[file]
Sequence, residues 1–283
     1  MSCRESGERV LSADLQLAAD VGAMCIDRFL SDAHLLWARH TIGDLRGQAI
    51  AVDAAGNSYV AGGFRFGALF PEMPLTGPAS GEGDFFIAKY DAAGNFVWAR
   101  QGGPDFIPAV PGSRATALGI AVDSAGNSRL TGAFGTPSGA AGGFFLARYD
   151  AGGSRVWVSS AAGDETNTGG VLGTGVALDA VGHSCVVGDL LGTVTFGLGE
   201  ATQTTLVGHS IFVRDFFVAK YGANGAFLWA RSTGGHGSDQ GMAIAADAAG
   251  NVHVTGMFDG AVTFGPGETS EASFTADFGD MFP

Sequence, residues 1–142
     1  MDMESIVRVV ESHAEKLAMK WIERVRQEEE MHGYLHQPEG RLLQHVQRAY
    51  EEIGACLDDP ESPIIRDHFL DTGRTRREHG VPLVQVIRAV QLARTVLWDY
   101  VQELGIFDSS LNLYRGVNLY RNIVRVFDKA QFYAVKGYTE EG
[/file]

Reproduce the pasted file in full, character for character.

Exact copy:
Sequence, residues 1–283
     1  MSCRESGERV LSADLQLAAD VGAMCIDRFL SDAHLLWARH TIGDLRGQAI
    51  AVDAAGNSYV AGGFRFGALF PEMPLTGPAS GEGDFFIAKY DAAGNFVWAR
   101  QGGPDFIPAV PGSRATALGI AVDSAGNSRL TGAFGTPSGA AGGFFLARYD
   151  AGGSRVWVSS AAGDETNTGG VLGTGVALDA VGHSCVVGDL LGTVTFGLGE
   201  ATQTTLVGHS IFVRDFFVAK YGANGAFLWA RSTGGHGSDQ GMAIAADAAG
   251  NVHVTGMFDG AVTFGPGETS EASFTADFGD MFP

Sequence, residues 1–142
     1  MDMESIVRVV ESHAEKLAMK WIERVRQEEE MHGYLHQPEG RLLQHVQRAY
    51  EEIGACLDDP ESPIIRDHFL DTGRTRREHG VPLVQVIRAV QLARTVLWDY
   101  VQELGIFDSS LNLYRGVNLY RNIVRVFDKA QFYAVKGYTE EG